Environmental and animal welfare organizations, state and federal agencies and the aquarium industry each weighed in on this lonely, starving whale. Would we cause more harm trying to help, or should we risk returning her to home waters and her pod?

Opinions regarding her health, protocols regarding her transfer from the US to Canada, logistics and concerns that she would end up in captivity all weighed heavily on the decision process. Springer became more and more attracted to boats and the people in them. As summer boating season neared, US and Canadian authorities finally agreed to a plan. She was captured in June, given medical attention, and then shipped back to Canada on a high-speed catamaran.

In Canada she was put in another sea pen and released when her original pod swam by. Now, she appears to have been adopted by A51 from the A5 pod. A51 has even gone so far as to keep Springer away from boats.

This good news came at a time when the US National Marine Fisheries Service (NMFS) denied a petition to list the southern resident orcas under the Endangered Species Act.

Will Anderson

Cox: arigato!

Cox Co., Ltd., a chain of retail clothing stores in Japan, has been selling T-shirts, caps and other items of men’s, ladies’ and kids’ clothing bearing the “Dolphin Safe” logo along with a message on endangered species, and contributing part of its profit every year to IMMP. Last year’s contribution reached 2.6 million Yen.

Cox Co., Ltd. Spokesperson Shunichi Nishizawa says that the company’s belief in strengthening global environment protection activity ensures future collaboration with IMMP.

As a member of “Sanctuary Japan,” Cox Co., Ltd. has participated in the sea turtle nesting beach clean-up campaign every year at Nakatajima Beach near Hamamatsu, near Cox headquarters.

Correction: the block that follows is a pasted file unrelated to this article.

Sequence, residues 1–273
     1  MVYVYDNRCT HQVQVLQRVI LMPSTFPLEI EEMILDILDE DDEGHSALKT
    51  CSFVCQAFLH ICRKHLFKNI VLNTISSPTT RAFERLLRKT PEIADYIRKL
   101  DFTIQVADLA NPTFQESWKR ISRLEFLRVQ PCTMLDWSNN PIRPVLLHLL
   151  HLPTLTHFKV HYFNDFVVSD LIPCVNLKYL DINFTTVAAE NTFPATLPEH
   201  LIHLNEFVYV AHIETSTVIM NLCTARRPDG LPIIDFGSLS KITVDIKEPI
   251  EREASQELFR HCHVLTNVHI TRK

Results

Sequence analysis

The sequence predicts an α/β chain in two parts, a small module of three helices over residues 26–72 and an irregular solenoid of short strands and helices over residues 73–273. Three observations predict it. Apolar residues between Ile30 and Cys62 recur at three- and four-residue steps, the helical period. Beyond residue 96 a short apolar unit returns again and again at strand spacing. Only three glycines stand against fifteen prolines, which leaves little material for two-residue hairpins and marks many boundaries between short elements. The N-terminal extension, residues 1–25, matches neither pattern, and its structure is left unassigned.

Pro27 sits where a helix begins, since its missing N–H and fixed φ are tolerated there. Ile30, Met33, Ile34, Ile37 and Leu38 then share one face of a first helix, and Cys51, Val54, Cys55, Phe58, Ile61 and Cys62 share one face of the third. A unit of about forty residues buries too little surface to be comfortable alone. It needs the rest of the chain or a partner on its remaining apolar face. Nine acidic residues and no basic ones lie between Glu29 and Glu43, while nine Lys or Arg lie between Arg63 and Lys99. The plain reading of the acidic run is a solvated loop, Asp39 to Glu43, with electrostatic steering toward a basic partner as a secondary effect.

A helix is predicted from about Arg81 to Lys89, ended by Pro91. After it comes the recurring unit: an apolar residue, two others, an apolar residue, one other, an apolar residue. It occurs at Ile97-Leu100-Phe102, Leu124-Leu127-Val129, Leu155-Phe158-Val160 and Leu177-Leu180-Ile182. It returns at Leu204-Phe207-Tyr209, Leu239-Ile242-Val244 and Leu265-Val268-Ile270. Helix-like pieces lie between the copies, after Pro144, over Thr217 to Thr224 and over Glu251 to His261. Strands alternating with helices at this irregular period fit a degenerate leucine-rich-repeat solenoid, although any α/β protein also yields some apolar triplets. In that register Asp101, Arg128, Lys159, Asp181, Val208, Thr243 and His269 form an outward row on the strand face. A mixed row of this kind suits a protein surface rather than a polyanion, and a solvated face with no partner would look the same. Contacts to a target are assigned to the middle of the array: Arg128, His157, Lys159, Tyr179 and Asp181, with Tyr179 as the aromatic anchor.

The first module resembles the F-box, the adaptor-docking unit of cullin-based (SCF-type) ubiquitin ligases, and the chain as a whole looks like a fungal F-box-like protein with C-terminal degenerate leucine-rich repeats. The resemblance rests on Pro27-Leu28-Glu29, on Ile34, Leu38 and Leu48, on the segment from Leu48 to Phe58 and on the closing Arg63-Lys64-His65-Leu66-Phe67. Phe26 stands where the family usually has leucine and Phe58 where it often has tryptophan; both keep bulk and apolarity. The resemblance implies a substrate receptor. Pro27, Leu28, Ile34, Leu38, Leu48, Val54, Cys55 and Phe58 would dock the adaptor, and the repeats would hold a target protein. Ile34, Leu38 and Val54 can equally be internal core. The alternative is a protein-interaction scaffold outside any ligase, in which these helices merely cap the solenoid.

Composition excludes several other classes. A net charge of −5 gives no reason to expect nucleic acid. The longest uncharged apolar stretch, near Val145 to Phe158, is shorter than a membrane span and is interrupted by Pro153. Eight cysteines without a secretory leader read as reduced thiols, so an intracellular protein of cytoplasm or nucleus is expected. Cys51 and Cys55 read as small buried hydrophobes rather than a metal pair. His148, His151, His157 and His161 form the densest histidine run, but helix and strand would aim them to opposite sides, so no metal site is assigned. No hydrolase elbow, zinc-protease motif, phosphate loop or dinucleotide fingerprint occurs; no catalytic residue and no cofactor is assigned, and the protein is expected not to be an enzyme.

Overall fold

IMMP welcomes Cox Co., Ltd.’s partnership and encourages other environmentally-minded corporate citizens to follow Cox’s lead. Domo arigato gozaimasu!

Free Kshamenk!

A plan to import Kshamenk, a captive orca, from Argentina to the US has been blocked by a representative of the Convention on International Trade in Endangered Species (CITES).

In November 2001, Six Flags World of Adventure requested authorization from the National Marine Fisheries Service (NMFS) to bring Kshamenk to a facility in Aurora, Ohio.

Environmentalists and scientists have been working for a year to block the orca’s transfer. On July 29 Victoria Lichtschein, Argentina’s chief wildlife officer and CITES authority, denied permission to the Mundo Marino oceanarium to export Kshamenk.

Nonetheless, NMFS authorized Kshamenk’s import to US in May. In July, the Humane Society of the United States sued NMFS for authorizing Kshamenk’s import without a CITES decision. Cetacean Society International, IMMP, and Wild Earth Foundation signed on to the suit.

Now the organizations face a new and big challenge: to free Kshamenk. Wild Earth Foundation (WEF) and IMMP have submitted an letter to the Argentinian authorities declaring their intent to attempt to rehabilitate Kshamenk for release into his native waters.

Gabriella Bellazzi

Tuna/Dolphin Alert

In the coming month, US Secretary of Commerce Donald Evans is expected to announce his latest finding on the status of dolphins in the tuna fishery and the standards for labeling tuna as Dolphin Safe. Earth Island Institute is urging the Secretary to maintain the current strong standards for Dolphin Safe tuna that prohibit setting nets on dolphins during the entire fishing trip. Stay tuned for this important announcement.